Polizzi last year started selling perfume and nail polish, among other items at HSN home shopping network and to beauty chain Perfumania. This fall, she expanded her collection to include jewelry. She also plans to add headphones and accessories next year.
"I bring in my ideas on what type of bottle shape I'd like, to different designs of animal print or clothing designs to my favorite smells from soaps, lotions (and) hair sprays," Polizzi wrote.
BEYOND THE NAME
Attaching a star's name to a tee shirt or earrings does not guarantee success. Generally, how well a line does varies greatly, and depends on a number of factors, including the star's popularity and involvement in the design, the quality of the merchandise and the marketing of the brand.
There are all sorts of ways celebrity lines are started. But in many scenarios, the idea of starting a collection comes from the celebrity, who shops the concept around to manufacturers and stores. How the deals are structured varies widely.
The lines can be a gamble for stores. For one, their success often is closely tied to one person whose popularity can fade quickly among finicky fans. And while shoppers may grab celebrity brands when the lines debut, they may not return if they don't like what they see after that.
"The celebrity name draws the fan base to the product but at the end of the day, the product has to stand on itself," says Michael Stone, president of The Beanstalk Group, a global brand licensing agency. "It has to be well priced and well designed."
Indeed, industry experts say for every celebrity brand that is a hit, five others flop. Anyone remember hip hop star and actor L.L. Cool J's casual clothing line with Sears? It lasted less than a year after its launch in 2008. One reason was that the collection of hooded sweatshirts and jeans failed to catch the eyes of Americans at a time when the country was in a deep recession.
It's also key that the clothes reflect the personality of the celebrity because many consumers will want to emulate their style. For example, Lopez, 43, shuttered her Sweetface clothing collection in 2009, six years after launching it at several department stores, in part because shoppers didn't believe that the line matched her glam style. The collection, which included sweat pants instead of the fitted dresses Lopez is known for sporting, was seen as too casual.
But Lopez learned from that line. Last year, she launched an exclusive collection for Kohl's, which offers $99.99 platform wedge boots and $60 animal print faux-wrap dresses under her name. The collection is faring well, according to Kohl's, although the chain declined to give sales figures.
"Every look in this collection ... is something that people know I would wear," reads a statement by Lopez on Kohl's website.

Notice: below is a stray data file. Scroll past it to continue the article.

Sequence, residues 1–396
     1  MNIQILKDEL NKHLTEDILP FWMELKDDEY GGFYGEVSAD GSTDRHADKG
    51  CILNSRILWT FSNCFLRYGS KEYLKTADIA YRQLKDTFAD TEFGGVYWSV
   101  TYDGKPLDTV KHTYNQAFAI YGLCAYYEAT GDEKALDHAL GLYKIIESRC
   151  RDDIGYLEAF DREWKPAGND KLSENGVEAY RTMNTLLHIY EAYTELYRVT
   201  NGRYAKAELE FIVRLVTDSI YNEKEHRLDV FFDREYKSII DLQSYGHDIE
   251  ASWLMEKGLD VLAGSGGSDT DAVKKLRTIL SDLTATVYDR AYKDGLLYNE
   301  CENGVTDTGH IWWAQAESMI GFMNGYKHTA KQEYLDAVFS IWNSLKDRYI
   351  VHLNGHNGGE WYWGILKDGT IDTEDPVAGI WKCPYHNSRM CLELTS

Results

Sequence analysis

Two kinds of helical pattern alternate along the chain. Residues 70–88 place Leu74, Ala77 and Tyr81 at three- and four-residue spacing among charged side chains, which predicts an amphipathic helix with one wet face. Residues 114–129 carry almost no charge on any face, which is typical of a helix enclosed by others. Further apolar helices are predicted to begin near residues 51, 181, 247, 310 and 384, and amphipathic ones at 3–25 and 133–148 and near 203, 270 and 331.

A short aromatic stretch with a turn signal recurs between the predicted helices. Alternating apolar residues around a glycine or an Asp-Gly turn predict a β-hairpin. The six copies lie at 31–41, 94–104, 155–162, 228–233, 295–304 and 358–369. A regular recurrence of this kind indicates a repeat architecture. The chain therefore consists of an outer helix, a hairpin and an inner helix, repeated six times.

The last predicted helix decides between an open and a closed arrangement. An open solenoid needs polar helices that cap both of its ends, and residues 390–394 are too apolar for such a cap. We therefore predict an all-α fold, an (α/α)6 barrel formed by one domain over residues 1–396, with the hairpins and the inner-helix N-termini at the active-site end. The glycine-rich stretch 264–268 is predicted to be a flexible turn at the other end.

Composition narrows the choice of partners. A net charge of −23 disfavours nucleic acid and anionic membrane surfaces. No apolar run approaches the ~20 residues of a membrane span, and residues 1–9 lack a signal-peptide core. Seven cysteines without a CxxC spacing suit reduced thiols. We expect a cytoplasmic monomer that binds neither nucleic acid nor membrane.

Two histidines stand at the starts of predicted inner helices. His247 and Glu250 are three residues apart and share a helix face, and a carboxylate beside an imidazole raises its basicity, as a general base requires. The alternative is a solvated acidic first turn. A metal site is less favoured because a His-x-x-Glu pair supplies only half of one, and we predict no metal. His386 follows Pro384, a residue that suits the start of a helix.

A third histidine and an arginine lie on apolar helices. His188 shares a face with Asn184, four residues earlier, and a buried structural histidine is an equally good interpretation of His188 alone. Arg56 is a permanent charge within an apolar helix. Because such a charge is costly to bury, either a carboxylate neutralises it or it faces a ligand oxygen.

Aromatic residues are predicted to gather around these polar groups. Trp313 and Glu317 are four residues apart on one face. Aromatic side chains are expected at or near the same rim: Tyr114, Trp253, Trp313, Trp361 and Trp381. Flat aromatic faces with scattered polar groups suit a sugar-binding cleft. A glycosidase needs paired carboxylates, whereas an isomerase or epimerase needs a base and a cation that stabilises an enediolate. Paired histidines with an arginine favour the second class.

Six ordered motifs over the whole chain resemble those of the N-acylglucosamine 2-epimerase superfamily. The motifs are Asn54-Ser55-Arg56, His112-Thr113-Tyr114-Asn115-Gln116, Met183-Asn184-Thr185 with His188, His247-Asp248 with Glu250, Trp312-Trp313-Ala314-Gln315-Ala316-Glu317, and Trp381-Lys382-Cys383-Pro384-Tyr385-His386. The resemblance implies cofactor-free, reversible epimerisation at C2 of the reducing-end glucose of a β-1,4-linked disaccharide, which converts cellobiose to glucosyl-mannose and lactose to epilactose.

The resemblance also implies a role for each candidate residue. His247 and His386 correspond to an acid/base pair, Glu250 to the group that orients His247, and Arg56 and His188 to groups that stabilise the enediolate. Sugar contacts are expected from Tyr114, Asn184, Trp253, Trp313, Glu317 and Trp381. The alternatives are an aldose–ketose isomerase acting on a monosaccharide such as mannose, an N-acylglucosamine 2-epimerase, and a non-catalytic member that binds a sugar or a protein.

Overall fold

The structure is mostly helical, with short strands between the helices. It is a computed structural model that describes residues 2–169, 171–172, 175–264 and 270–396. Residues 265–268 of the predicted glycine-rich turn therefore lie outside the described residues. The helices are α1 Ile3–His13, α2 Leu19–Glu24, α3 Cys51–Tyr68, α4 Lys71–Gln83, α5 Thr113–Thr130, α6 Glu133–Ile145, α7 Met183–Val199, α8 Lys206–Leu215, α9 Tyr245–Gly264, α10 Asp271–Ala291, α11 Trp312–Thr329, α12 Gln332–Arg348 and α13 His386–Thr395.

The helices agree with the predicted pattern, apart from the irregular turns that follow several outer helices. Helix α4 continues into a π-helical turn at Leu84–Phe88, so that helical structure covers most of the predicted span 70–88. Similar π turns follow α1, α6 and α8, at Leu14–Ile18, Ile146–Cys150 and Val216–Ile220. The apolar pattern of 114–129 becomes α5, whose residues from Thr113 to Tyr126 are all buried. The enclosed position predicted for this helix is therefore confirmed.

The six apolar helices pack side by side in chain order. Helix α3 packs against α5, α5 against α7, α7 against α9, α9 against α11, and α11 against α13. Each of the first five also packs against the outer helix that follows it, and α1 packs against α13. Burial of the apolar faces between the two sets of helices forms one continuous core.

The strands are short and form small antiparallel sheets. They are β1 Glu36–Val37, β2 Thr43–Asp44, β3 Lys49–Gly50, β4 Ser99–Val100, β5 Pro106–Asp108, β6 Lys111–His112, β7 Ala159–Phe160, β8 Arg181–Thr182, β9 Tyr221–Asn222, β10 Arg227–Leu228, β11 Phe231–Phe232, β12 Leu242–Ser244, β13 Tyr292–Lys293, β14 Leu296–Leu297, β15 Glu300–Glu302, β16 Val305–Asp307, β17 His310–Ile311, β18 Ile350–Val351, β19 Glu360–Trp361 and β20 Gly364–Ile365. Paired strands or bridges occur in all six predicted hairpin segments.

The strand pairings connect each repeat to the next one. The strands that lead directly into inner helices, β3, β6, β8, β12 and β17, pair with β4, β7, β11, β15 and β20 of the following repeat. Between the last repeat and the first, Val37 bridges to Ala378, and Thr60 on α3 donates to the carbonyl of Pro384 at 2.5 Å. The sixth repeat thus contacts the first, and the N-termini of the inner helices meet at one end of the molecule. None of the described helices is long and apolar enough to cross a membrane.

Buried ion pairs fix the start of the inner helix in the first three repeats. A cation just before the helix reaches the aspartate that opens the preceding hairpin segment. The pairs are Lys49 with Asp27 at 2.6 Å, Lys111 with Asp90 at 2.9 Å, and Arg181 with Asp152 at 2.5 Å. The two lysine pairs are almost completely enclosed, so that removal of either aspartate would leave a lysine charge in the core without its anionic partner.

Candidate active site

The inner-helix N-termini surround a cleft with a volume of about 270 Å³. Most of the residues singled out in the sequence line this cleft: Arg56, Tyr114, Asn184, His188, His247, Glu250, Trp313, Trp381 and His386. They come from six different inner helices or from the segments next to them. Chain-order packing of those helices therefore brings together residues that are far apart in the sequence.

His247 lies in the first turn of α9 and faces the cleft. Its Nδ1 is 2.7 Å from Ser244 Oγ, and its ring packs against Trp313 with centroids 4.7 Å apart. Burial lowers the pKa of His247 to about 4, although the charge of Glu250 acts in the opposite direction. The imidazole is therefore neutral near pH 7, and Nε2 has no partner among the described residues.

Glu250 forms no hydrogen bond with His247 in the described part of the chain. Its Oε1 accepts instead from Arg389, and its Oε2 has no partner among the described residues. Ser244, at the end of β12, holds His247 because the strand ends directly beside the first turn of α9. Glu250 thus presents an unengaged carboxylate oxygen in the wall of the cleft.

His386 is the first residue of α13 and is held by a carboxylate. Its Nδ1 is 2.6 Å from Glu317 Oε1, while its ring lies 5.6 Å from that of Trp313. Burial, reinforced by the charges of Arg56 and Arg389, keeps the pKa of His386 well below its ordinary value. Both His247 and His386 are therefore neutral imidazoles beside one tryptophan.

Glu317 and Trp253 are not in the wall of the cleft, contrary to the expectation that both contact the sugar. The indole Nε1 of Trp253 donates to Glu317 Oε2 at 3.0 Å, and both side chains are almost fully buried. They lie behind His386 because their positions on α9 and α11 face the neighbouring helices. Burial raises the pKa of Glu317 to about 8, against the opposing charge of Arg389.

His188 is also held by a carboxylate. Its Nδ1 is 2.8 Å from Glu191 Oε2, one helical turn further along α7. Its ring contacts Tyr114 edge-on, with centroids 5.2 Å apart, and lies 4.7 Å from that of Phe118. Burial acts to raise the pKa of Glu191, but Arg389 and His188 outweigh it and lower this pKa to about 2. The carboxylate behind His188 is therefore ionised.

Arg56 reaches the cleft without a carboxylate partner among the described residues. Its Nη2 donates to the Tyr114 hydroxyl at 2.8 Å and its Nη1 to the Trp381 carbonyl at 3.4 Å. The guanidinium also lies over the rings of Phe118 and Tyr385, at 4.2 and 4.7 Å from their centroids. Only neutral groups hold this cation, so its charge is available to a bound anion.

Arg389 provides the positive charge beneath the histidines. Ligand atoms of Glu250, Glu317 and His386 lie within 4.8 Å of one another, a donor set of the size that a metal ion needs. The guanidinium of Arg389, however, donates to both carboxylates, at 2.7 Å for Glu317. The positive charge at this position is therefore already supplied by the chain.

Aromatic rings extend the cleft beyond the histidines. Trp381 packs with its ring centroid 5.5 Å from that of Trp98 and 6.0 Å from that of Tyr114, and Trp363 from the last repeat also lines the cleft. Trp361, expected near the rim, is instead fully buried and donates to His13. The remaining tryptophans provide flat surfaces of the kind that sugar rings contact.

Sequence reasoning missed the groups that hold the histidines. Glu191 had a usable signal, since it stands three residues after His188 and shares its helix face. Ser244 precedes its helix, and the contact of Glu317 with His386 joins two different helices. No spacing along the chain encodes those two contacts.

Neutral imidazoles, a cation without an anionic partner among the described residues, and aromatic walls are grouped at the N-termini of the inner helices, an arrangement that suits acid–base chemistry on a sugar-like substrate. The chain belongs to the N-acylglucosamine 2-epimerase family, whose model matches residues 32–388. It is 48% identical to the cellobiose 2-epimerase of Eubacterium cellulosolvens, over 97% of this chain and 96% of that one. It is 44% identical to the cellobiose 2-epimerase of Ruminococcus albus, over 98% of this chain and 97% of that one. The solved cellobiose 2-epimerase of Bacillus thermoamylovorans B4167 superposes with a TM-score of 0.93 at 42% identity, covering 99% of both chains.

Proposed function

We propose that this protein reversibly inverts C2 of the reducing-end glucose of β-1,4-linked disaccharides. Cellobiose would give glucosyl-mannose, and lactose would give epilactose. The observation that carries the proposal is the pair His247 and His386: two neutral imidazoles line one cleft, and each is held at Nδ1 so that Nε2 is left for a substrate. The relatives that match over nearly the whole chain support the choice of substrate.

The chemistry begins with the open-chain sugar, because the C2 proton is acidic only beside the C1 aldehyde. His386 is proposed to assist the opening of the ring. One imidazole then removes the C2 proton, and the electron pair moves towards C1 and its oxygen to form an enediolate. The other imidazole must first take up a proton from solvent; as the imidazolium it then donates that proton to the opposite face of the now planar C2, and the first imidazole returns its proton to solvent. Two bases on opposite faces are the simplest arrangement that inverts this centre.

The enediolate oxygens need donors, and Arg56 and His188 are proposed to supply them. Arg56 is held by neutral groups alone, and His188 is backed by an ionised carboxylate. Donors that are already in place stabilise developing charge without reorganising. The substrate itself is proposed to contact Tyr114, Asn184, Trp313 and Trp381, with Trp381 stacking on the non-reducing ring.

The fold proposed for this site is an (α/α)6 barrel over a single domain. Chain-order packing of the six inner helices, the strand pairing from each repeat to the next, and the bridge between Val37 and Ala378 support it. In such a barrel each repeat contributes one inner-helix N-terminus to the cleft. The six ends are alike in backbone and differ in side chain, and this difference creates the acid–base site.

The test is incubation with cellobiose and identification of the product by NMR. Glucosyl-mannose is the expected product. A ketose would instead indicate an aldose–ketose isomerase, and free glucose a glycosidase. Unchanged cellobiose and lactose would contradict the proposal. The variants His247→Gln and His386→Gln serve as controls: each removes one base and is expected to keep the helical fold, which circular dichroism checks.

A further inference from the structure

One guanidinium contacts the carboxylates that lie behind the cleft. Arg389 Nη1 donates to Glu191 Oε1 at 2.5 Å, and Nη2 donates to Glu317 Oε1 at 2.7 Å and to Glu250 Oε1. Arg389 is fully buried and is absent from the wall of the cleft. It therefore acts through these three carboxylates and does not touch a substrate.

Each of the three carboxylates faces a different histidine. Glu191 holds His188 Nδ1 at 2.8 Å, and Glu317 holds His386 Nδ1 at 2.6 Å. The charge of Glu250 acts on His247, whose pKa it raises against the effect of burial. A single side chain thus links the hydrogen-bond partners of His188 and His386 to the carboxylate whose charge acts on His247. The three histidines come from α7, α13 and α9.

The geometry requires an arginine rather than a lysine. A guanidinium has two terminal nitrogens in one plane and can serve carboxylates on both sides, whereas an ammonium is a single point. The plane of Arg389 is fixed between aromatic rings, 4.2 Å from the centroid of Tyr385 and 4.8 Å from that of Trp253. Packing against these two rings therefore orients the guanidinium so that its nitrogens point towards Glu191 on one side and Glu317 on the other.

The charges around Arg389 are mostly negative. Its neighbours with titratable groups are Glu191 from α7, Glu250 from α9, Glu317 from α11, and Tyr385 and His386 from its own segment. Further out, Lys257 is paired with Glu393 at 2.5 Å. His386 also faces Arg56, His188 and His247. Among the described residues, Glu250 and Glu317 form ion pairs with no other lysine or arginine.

It's also important that a celebrity doesn't say or do things that could reflect poorly on a store's image. Earlier this month, an angry customer started an online campaign calling for Macy's to dump Donald Trump's line of $65 power ties and $65 dress shirts after the billionaire verbally attacked President Barack Obama on social media after he won re-election.
Angelo Carusone, 30, has collected about 673,000 signatures on petition website signon.org. Carusone, once a loyal Macy's shopper, says he won't shop there again until the retailer severs ties with Trump. "Macy's is building a brand on Trump's consequence-free bullying," he says.
But Macy's has stood by the billionaire, and the uproar has since died down. "Macy's marketing and merchandise offerings are not representative of any political position," says Jim Sluzewski, a spokesman for the chain.
Odd pairings also can be a concern. Indeed, Sears, a struggling retailer that is best known for selling appliances, raised eyebrows when it announced that it would carry clothes under the "Kardashian" name. The collection, which was launched last year, is named after "Keeping Up With the Kardashians" realty TV stars Kim, Khloe and Kourtney Kardashian.
The fashions embrace the individual looks of the sisters — Kim's glamorous style, Kourtney's Bohemian chic look and Khloe's rocker influence. There are $99 leopard print maxi dresses, $24 snakeskin print earrings and $40 metallic striped tops.
When thinking about Sears as a possible partner, Khloe says she at first thought of the retailer as a place just to buy "washers and dryers." But then, she says she and her sisters realized that Sears would enable them to achieve their goal of selling affordable clothes nationwide.
"We felt it was a good fit," she says. "It's like if you date a few people and then you want to marry that person."
Ron Boire, Sears' merchandising chief, declined to give sales figures, but says the line is doing well and gives the chain's clothing department a "younger, more progressive feel."
To celebrate the one-year anniversary of the collection, the Kardashian sisters showed up at a Sears store in the Bronx borough of New York City on a recent Friday. More than 2,000 shrieking teens and young women came to get a glimpse of them.
Among them was Jenessa Cavallo, 23, a legal assistant. Until the Kardashian line was launched, she had never shopped at Sears. Now, she says that she keeps going back, spending more than $500 on Kardashian designs, including a faux fox fur coat, leather jacket and nail polish.
"I feel like I'm Kim," Cavallo says.